I thank you, Madam Moderator for giving me the floor.
I thank the Permanent Missions of Turkey and Norway, European Eunion, IFRC, and Turkish Red Crescent Society for organizing this event today. We appreciate its focus on cash programming in the era of COVID-19 and beyond.
The pandemic has hit the poorest and the most marginalized groups of our soicieties the hardest. Millions of people have been pushed into poverty and hunger. The inequalities have increased both within and across societies . The health systems in most countries have been shattered. Children’s education faces a “generational catastrophe”. Malnutrition has risen for children who depend on school feeding programmes.
Against this backdrop, we stress the importance of scaling up cash programming. Direct cash transfers can have transformative impacts on delivery of social safety net services, especially by reducing the distribution challnegs, transfer cost, leakages, middlemanships, and other systemic losses.
In Bangladesh, we have taken up a multi-pronged approach to tackle the adverse impacts of the pandemic. For helping the most marginalized people and critical sectors of our economy, the Government has declared an ambitious budget of about 72 billion US$ with enhanced fiscal measures and social safety net coverage. Earlier, the Government rolled out 28 stimulus packages to the tune of US$ 14.6 billion. Direct cash tranfer has been identified as an essential delivery tool to make these initiatives succesful.
Even before the pandemic, we had some successful national cash transfer programmes. ‘Old Age Allowance’ and ‘Widowed and Distressed Women Allowance’ are two promimenet ones among those. Our National Social Security Strategy 2015 has laid out specific roadmap to institutionalize direct cash transfer.
During the pandemic , these helped us scaling up Government to Person(G2P) delivery system to reach those who are the furthest behind in the most transparent and accountable manner. We have already disbursed US$ 166 million in the form of direct cash transfers to more than 4.44 million people. The poor, elderly, widows, disabled persons, day-labourer, farmers and informal sector workers are the top beneficiaries. Our advancements in digital inclusion helped ensuring direct cash transfers to various beneficiary group via Mobile Financial Services and Banking channels in efficient and transparent manner.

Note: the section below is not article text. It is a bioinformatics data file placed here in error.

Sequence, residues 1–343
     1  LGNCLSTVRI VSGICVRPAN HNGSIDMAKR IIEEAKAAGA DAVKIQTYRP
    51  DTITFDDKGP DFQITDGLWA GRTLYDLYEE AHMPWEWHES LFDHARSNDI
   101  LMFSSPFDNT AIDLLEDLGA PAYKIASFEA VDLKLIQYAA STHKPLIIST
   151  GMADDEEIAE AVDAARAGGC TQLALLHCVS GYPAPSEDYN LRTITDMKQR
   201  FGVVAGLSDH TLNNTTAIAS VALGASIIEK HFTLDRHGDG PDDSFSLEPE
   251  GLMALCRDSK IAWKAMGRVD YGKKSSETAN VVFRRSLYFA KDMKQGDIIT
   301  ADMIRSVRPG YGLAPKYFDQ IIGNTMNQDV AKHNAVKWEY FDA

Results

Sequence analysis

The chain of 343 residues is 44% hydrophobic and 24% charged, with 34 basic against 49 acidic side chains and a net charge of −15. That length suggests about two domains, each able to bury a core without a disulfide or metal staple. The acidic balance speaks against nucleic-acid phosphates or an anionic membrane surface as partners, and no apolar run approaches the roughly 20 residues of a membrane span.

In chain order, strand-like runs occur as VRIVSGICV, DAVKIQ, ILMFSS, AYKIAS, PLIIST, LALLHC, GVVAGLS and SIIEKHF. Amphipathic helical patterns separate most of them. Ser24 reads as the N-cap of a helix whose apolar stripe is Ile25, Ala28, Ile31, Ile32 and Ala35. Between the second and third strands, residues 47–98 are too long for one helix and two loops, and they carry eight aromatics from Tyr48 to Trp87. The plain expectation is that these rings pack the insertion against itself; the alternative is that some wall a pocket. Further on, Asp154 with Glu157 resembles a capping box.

Cash transfer programs have played a key role to protect millions of poor and disadvantaged people around the world during this pandemic. Yet , there are there are daunting challenges in establishing effective delivery solutions of direct cash transfers, especially for those who are unbanked and digitally unconnected.
Let me share a few specific thoughts in this regard:
First, the pandemic has shown the effectiveness of digital cash transfer to reach the last mile beneficiearies when the traditional ways become ineffective. Yet many countries lack essential infrastructure and ecosystem to reap the maximum benefits of digital financial services and fintechs. It is imperative to invest more in the areas of digital connectivity, digital lilliteracy, and data security to bridge this gap.
Second, the low income countries are facing serious fiscal constrainsts due to the pancemic. To enable them to go for ambitious cash transfer programmes, they need enhahned support measures from the multilateral and regional financial institutions. The World Bank and IMF need to scale up their emergency support measures, as well as reduce bureaucracy and conditionality to ensure timely access of the low income countries to emergency funds.
Third, we need a multistakeholder approach to make cash transfer programmes successful.
There should also be strong coordination among Governments, NGOs, and UN agencies to avoid a situation where some people receive benefits from multiple sources while others are completely left behind.
Finally, cash transfers should be linked with creation of livelihood opportunities and driving socio-economic changes.
To this end, we encourage right balance of conditional and unconditional cash transfers and proper monitoring of the end-use of the cash to drive expected results. Conditional Cash transfers can be leveraged to drive socio-economic changes, for example, co-management of natural resources, afforestation, girls education, etc.
The development and huminatrian actiors need to work in a more collaborative and coordinated manner to find the appropriate balance in this regard, especially in the time of major crisis. The humanitarian agencies working in Cox’s Bazar, Bangladesh have introduced some innovative solutions to transfer cash through digital means in coordination with Government agencies.
I would like to rest it here. We have a rich panel of disucsants to elaborate on some of these issues. I look forward to a fruitful discussions.
I thank you all.